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Cloud Native Ecosystem / Kubernetes / Tech Culture

From Cloud to Edge, the Building Blocks of Modern Enterprise IT

This article focuses on the key technologies driving the digital agenda for modern enterprises and how they can be leveraged to create a sustainable competitive advantage.
Aug 3rd, 2021 11:40am by
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Subash Natarajan
Subash Natarajan is an associate director of digital consulting and engineering at NTTDATA; He has over 10 years of experience helping enterprises to connect their business objectives with IT strategy by weaponizing cutting-edge technologies.

Digital transformation is one of the hottest topics of recent times, predominantly during the COVID pandemic. You hear it a lot, but what is it? It is the process of changing from one way of doing things to another. For businesses, digital transformation is all about enhancing the ability to provide a much better customer experience by leveraging digital technologies. It should be a natural part of the evolution for any organization, and it’s happening more quickly than ever before because of the rise of digital technologies and the growing complexity of digital landscape.

This article focuses on the key technologies driving the digital agenda for modern enterprises and how they can be leveraged to create a sustainable competitive advantage.

Harness the Power of Modern Applications with Cloud Native

Let us start with cloud native computing. It is a paradigm shift that pushes the cloud boundaries to a new way of design, developing, and deploying the increasingly complex applications architectures. Previously, we had “cloud-ready,” which focused on giant monoliths running as instances on private or public cloud environments. However, cloud native has raised the bar and encourages developers to focus on the code and deploy it to a distributed, versatile, and open source-driven environments such as containers, which adds a layer of abstraction and is better for scale, resilience, and release velocity.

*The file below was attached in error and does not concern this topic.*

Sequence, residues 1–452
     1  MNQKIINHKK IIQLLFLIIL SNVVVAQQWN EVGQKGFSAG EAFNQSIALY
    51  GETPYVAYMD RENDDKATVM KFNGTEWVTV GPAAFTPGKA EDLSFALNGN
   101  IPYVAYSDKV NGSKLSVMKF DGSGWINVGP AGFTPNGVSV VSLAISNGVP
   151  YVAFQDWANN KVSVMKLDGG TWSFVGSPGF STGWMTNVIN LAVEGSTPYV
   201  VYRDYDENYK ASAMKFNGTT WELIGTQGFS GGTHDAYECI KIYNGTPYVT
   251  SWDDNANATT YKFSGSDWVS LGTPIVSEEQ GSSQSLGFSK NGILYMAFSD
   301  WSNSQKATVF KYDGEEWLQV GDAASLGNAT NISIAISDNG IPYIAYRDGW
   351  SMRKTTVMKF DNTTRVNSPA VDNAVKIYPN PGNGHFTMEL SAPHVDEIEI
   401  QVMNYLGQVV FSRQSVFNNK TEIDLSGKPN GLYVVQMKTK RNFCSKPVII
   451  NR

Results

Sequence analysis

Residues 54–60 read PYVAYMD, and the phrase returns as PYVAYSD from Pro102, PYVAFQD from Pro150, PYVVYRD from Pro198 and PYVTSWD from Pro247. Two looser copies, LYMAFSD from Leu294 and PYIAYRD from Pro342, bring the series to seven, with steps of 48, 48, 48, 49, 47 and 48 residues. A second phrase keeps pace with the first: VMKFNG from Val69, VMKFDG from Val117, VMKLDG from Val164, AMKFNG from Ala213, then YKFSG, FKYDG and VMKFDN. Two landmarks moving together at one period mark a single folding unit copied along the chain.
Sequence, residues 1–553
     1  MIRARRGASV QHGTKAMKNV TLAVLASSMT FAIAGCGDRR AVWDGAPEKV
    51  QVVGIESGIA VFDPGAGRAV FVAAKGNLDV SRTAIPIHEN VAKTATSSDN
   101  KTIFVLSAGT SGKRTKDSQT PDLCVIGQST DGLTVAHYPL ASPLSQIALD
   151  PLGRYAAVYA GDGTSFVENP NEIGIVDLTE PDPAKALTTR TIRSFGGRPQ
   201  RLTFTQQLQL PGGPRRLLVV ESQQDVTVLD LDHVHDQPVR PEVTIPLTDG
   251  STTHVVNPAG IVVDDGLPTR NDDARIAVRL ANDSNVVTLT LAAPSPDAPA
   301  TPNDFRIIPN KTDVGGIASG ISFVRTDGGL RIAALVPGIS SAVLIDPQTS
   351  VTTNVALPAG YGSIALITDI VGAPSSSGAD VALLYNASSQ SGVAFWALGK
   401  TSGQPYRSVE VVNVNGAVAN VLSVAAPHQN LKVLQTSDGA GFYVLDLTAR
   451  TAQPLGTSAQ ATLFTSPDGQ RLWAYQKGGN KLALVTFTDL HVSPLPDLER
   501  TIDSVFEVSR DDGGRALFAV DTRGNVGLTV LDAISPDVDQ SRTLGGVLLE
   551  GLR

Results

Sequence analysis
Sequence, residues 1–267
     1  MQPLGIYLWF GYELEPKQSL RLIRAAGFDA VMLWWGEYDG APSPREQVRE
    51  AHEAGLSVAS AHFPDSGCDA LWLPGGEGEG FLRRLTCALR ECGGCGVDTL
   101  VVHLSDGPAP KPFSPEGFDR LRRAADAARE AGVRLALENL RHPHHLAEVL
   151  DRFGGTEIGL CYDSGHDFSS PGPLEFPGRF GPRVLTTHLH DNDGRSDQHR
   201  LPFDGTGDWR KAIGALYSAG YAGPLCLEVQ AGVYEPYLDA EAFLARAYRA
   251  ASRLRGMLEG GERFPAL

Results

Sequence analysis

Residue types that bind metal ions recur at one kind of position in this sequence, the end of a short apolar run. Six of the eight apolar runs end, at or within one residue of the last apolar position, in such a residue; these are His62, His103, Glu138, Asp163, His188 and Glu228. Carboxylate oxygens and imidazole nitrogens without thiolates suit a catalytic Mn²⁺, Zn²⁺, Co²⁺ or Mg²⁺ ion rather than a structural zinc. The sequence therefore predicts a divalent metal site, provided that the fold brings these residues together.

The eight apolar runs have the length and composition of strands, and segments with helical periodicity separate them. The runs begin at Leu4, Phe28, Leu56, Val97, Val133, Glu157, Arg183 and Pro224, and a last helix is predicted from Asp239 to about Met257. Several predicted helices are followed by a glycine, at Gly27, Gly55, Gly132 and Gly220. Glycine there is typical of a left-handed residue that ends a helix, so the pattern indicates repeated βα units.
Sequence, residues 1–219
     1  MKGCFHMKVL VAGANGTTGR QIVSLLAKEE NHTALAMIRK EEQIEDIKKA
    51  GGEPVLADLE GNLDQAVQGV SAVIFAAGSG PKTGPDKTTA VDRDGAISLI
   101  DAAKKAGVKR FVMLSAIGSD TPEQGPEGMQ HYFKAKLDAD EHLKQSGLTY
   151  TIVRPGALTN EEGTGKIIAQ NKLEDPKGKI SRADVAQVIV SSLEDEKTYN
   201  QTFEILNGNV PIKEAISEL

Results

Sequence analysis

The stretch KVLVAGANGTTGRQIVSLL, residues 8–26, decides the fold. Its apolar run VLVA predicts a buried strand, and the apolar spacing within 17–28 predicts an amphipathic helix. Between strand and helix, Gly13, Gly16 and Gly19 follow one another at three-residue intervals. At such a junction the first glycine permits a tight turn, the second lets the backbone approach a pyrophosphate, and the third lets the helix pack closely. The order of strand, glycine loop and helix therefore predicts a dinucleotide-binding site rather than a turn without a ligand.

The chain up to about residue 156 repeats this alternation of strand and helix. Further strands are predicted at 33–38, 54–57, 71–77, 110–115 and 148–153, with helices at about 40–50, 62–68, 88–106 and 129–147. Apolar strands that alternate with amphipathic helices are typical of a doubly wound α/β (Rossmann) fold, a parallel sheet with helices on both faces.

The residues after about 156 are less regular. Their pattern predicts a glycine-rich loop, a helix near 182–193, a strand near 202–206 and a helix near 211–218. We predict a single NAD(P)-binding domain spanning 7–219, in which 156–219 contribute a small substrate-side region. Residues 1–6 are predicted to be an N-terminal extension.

Unlike monolith applications, cloud native code is portable and leverages the microservice-based architecture and 12-factor principles. Switching to a microservices architecture reduces considerable overheads and enables parallel development practices. Since microservices are loosely coupled, allowing developers to update their code without impacting the other events of the application. For example, development teams can handle individual services and focus on their area of expertise. Adopting strategies for deploying, testing, and scaling best suited to their service, enables developers to be more innovative and promptly react to market demands.

As mentioned above, cloud native computing is quickly becoming a trend, and industries have started appreciating the values; while benefiting technically by increased speed and agility, they also advance business benefits like achieving the economy of speed and innovations.

However, transforming legacy/monolith application to microservices-based architecture is an exciting topic, where culture and mindset are the key drivers, and there is also a lot to take into consideration when architecting modern application with cloud native approach.

Take Advantage of Hybrid or Multicloud Deployment Models

In the previous section, we have established how the cloud native approach enables developers to deploy their code in multiple environments with modern development practice and mindset. However, improving the application capabilities also requires a range of underlying technologies and cutting-edge cloud services to deliver the actual business outcomes and improved experience. This is where cloud native meets the hybrid or multicloud to solve the needs of infrastructure platform requirements and providing a consistent applications management by leveraging a mix of on-premises and/or private/public cloud services from multiple providers.

For any digital transforming organization, a consistent technology foundation is becoming necessary to enables workloads to be optimally placed and managed, facilitating workload portability, and avoiding lock-in to a particular cloud vendor. With this cloud native hybrid or multicloud model, they can take advantage of the best-of-the-breed services from each cloud platform by choosing what makes sense for their component, task, and projects.